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Why You Should Reconsider Location-Based Marketing

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Why You Should Reconsider Location-Based Marketing

NBC 5

That is, if you’re having doubts about it or haven’t yet tried it. Well, for starters, if you’re skeptical, consider this: According to location-based ad platform Verve Mobile, in 2012, the amount of U.S. mobile ad campaigns had more than doubled from 17 percent in 2011 to 36 percent in 2012.

There’s more, too, if that isn’t enough: Smallbiztrends.com has posted a nifty infographic further laying out more evidence why you should hip yourself to it. Among the stats listed:

  • 21 percent of consumers search for mobile coupons on their phones while in stores.
  • 73 percent of consumers say they have used their mobile phones in stores.
  • 38 percent of smartphone users have used their phones to make purchases.

There’s tons tons more on the infographic, but, it should go without saying that more and more people are buying smartphones as they become increasingly cheaper and more smartphones. And although that means people can comparison shop while in a store looking at the item they want to purchase (it’s called showrooming, which doesn’t lead to people leaving and buying elsewhere as often as one might assume), it also means you can raise awareness of your company or perhaps prevent them from even shopping around while in your aisles.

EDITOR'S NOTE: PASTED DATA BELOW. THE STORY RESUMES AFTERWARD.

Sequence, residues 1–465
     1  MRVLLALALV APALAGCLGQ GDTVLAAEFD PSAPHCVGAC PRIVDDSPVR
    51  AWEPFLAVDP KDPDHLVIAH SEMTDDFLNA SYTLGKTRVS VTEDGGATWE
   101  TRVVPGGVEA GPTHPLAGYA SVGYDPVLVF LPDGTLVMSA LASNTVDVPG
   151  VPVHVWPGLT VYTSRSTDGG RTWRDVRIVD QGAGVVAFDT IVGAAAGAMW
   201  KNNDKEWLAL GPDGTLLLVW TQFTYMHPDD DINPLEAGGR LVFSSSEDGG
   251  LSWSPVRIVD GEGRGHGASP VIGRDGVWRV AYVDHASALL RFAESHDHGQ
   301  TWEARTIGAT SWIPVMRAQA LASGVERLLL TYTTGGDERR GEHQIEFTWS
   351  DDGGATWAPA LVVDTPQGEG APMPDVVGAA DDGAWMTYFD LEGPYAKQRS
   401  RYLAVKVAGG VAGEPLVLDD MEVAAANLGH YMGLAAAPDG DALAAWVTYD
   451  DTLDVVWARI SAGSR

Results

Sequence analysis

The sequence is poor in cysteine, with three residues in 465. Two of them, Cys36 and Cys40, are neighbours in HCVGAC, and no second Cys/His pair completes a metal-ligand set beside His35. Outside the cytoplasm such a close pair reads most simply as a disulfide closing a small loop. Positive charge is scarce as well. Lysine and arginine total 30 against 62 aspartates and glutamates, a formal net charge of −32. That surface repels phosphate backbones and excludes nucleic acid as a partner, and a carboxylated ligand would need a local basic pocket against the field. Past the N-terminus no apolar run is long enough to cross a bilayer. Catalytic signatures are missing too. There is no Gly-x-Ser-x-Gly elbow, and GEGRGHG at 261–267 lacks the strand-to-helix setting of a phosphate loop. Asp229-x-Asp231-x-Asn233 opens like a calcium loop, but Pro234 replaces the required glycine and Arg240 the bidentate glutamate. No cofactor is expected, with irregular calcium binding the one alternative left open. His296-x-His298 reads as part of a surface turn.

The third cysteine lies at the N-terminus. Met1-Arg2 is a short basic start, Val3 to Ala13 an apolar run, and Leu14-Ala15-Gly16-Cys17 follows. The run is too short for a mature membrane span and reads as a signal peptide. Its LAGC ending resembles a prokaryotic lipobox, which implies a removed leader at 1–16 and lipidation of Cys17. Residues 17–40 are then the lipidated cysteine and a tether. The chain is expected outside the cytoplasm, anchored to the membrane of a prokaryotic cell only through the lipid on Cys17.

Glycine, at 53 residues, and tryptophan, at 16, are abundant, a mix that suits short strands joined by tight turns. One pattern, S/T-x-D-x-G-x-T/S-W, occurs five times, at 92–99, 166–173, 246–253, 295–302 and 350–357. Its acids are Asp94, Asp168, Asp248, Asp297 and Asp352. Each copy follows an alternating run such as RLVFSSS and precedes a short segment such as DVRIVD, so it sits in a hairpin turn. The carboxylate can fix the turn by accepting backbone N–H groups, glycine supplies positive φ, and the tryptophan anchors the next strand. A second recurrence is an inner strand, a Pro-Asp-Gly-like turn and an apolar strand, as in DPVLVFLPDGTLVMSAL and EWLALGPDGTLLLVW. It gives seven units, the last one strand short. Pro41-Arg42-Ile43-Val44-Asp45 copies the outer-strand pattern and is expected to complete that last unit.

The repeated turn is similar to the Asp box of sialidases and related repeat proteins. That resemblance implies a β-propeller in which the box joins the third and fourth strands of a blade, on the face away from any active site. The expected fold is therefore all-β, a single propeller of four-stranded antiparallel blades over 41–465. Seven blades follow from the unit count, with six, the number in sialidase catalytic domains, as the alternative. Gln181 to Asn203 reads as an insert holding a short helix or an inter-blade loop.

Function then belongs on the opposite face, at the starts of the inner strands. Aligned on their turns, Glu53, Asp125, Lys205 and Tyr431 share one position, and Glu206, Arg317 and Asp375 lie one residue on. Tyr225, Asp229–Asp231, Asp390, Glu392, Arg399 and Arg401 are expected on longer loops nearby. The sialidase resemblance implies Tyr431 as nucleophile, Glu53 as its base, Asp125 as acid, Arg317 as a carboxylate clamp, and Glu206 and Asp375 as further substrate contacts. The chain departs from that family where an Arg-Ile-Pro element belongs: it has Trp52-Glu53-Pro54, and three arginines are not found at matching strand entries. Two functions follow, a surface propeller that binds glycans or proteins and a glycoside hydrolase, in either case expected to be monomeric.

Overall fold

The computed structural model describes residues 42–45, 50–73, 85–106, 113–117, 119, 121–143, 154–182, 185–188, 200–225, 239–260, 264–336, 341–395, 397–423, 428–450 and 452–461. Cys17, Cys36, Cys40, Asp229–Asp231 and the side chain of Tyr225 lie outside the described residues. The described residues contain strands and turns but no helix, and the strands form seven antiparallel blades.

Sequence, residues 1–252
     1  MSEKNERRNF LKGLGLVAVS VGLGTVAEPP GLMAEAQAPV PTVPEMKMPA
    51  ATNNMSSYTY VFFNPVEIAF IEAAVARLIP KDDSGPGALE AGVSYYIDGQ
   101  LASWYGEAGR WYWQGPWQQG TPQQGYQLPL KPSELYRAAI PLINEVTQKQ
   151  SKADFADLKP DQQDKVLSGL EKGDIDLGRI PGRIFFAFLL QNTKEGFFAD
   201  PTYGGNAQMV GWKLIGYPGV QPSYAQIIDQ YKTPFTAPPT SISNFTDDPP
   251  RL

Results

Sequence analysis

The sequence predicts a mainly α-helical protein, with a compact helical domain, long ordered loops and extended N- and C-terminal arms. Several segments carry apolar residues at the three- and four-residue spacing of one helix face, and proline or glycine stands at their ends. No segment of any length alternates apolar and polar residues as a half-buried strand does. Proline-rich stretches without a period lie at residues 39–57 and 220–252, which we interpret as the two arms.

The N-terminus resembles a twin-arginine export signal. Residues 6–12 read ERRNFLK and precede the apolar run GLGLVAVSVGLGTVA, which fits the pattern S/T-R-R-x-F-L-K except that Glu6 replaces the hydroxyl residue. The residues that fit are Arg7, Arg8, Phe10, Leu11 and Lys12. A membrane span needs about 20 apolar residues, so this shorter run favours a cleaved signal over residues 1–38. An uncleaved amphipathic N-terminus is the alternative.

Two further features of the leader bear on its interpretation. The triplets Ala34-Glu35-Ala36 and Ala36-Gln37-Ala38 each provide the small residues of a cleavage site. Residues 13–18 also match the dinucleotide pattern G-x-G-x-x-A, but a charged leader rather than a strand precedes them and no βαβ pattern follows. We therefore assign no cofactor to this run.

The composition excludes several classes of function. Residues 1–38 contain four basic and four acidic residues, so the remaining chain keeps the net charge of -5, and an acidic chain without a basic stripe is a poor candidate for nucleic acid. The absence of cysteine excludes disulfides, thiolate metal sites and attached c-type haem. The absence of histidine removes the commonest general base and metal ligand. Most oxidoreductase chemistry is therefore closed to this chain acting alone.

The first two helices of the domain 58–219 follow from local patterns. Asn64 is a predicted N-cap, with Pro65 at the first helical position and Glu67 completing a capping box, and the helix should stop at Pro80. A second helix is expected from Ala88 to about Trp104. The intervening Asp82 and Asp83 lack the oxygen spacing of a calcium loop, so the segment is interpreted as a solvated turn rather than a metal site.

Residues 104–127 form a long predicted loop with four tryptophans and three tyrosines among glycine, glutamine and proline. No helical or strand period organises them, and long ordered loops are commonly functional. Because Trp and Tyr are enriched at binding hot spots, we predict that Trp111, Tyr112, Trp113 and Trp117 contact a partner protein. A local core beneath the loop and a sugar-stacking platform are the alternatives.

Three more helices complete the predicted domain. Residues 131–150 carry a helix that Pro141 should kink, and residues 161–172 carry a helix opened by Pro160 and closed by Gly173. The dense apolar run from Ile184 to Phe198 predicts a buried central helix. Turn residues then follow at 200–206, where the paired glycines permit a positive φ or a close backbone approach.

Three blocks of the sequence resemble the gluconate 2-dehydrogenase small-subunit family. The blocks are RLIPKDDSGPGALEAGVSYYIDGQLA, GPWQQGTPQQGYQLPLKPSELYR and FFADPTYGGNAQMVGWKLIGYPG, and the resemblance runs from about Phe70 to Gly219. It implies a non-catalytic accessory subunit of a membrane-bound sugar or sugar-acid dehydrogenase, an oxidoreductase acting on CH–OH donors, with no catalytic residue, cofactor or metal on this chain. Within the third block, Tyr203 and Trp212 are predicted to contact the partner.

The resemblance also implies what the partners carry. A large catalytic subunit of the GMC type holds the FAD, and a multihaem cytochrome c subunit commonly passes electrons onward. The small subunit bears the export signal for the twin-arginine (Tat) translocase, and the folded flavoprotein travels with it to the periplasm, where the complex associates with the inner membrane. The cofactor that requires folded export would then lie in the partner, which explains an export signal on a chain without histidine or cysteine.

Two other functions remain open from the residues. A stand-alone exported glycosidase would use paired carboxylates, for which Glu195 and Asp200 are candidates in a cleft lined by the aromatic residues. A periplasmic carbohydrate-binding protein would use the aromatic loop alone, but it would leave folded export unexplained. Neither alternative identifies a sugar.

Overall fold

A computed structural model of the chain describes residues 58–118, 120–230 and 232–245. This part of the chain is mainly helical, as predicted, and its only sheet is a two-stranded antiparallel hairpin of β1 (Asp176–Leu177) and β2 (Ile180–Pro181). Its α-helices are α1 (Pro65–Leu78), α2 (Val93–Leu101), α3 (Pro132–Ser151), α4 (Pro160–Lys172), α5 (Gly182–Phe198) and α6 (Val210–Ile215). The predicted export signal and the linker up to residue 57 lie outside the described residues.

Whatever it is, you should read about it further before you completely rule it out — it’s where things are going. 

David Wolinsky is a freelance writer and a lifelong Chicagoan. In addition to currently serving as an interviewer-writer for Adult Swim, he's also a comedy-writing instructor for Second City and an adjunct professor in DePaul’s College of Computing and Digital Media. He was the Chicago city editor for The Onion A.V. Club where he provided in-depth daily coverage of this city's bustling arts/entertainment scene for half a decade. His first career aspirations were to be a game-show host.

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